Over the course of the last seven months, we’ve painstakingly documented the quiet death of petrodollar mercantilism, the USD recycling system and fixture of the post-war global economic order that has served to underwrite decades of dollar dominance.
As a reminder, the petrodollar system works like this: oil export countries recycle the dollars they receive in exchange for their oil exports by purchasing more USD-denominated assets, boosting the financial strength of the reserve currency, leading to even higher asset prices and even more USD-denominated purchases, and so forth, in a virtuous (especially if one holds US-denominated assets and printed US currency) loop.
The flow of petrodollar reserves into financial markets peaked in 2006 and turned negative for the first time last year when Saudi Arabia famously Plaxico’d itself (and the US) by glutting the world with crude, in an attempt to crush Putin, and subsequently, to take out the US crude cost-curve.
And while the recent drawdown in oil exporters’ petrodollar reserves suggests Saudi Arabia’s actions were sufficient in and of themselves to catalyze the system’s demise, the US has accelerated the process by backing economic sanctions on Russia which, starting this year, began to settle oil and natural gas exports to China in yuan, marking what we have hailed as the the intersection of two critically important themes that have far-reaching geopolitical and economic consequences: 1) the death of petrodollar mercantilism, and 2) the idea of yuan hegemony.
In “The PetroYuan Is Born: Gazprom Now Settling All Crude Sales To China In Renminbi”, we argued that as economic ties between China and Russia deepen (thanks to billions in currency swap lines and the construction of the new Western gas line which will deliver an additional 30bcm/y to China on top of the 38bcm/y which will flow through the “Power of Siberia” line once operational) Beijing could increasingly look to Moscow to meet China’s energy needs. This would of course only serve to further de-dollarize the global energy trade, dealing yet another blow to the petrodollar system. Sure enough, Russia has, for the first time in history, overtaken Saudi Arabia as China’s top oil supplier. FT has more:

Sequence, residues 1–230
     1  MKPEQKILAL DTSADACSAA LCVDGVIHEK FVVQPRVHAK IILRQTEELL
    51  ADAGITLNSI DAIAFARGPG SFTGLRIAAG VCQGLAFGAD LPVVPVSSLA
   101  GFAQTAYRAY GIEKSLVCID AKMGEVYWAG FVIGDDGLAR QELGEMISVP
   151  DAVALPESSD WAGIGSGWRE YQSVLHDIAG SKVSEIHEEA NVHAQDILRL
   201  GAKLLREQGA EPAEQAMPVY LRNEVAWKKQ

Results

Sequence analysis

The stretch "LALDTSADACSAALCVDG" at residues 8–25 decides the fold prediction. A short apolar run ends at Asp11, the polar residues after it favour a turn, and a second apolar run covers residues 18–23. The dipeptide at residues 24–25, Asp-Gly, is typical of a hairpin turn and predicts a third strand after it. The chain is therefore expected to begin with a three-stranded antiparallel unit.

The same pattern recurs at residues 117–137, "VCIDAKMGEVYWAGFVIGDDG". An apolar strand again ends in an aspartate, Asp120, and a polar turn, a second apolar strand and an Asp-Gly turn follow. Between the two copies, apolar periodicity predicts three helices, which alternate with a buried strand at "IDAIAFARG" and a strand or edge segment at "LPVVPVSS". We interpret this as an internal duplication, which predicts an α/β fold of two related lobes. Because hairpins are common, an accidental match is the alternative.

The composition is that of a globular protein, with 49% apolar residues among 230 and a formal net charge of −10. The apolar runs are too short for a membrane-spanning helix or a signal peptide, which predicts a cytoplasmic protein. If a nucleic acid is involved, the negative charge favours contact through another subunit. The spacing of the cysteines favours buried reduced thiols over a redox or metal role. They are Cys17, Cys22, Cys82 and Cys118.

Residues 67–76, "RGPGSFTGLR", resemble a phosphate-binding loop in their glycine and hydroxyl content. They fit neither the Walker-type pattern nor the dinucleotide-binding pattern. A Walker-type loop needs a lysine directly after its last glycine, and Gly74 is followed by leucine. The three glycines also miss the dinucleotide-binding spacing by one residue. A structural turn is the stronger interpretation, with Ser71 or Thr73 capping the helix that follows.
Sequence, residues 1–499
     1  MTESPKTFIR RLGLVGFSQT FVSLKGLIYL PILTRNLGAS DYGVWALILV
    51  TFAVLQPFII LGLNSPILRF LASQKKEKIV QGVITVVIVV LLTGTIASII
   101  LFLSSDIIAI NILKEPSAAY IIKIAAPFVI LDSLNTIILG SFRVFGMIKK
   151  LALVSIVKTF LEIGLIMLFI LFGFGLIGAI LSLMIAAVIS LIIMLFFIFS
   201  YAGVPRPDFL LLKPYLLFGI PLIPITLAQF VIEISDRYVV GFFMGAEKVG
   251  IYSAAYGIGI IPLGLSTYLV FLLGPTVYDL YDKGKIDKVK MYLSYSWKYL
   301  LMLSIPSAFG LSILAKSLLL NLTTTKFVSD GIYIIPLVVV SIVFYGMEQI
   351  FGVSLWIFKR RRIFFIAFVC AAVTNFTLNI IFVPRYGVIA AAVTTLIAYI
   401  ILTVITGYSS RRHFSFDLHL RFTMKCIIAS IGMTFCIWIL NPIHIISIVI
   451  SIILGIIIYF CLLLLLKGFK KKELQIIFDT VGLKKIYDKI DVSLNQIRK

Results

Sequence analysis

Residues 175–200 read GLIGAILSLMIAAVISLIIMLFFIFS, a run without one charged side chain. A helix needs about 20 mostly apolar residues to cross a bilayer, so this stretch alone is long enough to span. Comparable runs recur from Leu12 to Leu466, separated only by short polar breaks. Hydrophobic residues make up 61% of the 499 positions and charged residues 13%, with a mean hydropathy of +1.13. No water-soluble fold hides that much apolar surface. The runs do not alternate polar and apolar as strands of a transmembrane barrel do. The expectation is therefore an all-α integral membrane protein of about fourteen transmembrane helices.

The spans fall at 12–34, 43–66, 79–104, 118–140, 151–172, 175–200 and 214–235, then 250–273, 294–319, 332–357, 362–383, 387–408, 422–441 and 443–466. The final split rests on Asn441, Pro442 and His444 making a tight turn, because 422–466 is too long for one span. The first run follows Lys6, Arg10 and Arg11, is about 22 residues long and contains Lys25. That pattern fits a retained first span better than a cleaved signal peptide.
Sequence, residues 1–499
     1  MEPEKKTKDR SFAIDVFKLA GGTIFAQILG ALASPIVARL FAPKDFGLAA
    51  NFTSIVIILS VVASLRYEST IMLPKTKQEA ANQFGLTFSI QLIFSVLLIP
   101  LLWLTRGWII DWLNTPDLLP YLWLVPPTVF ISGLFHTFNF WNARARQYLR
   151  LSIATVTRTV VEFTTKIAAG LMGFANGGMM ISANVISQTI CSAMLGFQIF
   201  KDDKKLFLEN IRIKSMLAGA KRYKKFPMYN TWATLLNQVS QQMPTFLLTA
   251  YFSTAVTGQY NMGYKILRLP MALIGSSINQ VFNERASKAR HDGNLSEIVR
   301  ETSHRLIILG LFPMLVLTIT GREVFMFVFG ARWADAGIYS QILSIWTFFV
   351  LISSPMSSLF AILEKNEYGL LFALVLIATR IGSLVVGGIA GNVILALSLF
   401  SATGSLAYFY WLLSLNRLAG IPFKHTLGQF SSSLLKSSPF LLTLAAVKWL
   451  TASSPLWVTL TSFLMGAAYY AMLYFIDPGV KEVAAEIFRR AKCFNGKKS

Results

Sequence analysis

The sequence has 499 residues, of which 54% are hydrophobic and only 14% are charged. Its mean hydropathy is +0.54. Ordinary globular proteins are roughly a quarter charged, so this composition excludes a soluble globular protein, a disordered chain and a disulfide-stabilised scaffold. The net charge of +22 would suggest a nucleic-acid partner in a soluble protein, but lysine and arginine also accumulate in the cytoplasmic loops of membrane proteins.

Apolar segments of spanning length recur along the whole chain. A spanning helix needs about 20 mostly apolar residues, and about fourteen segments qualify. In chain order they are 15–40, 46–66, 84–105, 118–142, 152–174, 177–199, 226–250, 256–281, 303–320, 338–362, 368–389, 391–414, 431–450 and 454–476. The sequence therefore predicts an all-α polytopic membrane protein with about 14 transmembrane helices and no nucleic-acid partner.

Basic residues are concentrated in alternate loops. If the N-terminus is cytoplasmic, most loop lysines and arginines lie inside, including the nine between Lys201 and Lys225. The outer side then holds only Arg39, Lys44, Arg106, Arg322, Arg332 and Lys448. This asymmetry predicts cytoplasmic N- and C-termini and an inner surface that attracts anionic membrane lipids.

Russia was China’s largest supplier of crude oil for the first time on record in May, as Moscow looks beyond Europe for customers and grows its ties in the east.
The country leapfrogged Saudi Arabia, the world’s largest oil exporter, sending almost 930,000 barrels a day to China, up 21 per cent since April, according to customs data published on Tuesday.
Sino-Russian ties have warmed as sanctions over the conflict in Ukraine have strained Moscow’s relations with the west.
Analysts said the data were the result of a string of oil-for-loan deals that China, which is in the process of overtaking the US as the world’s biggest importer of crude, has signed with Russian oil companies including state-backed Rosneft.
“Russian imports are likely to stay high over the next several years as these long-term crude supply contracts kick in,” said Amrita Sen, head of oil research at Energy Aspects in London.
“By our records, which started in 2007, this is the first time Russia is China’s top crude supplier,” she added.
“This trend only depicts the inevitable problem that Middle Eastern producers are going to face in China,” said Ed Morse, Citigroup’s global head of commodities research.
Loan-for-oil deals with Russia, as well as other countries such as Brazil, will “make it more difficult for Saudi Arabia, Iraq and others to compete for market share in China”, he added. Additional oil from Iran if sanctions are lifted will only increase the struggle.
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Make no mistake, Europe's move to extend economic sanctions on Russia into next year and the recent attempt by Belgium, France, and Austria to freeze Russian assets in an effort to enforce the unenforceable Yukos settlement, serve to drive Russia and its vast energy reserves further away and provide more incentives for Moscow and China to de-dollarize the global energy trade, facilitating both the demise of the petrodollar and the ascension of the yuan in the process.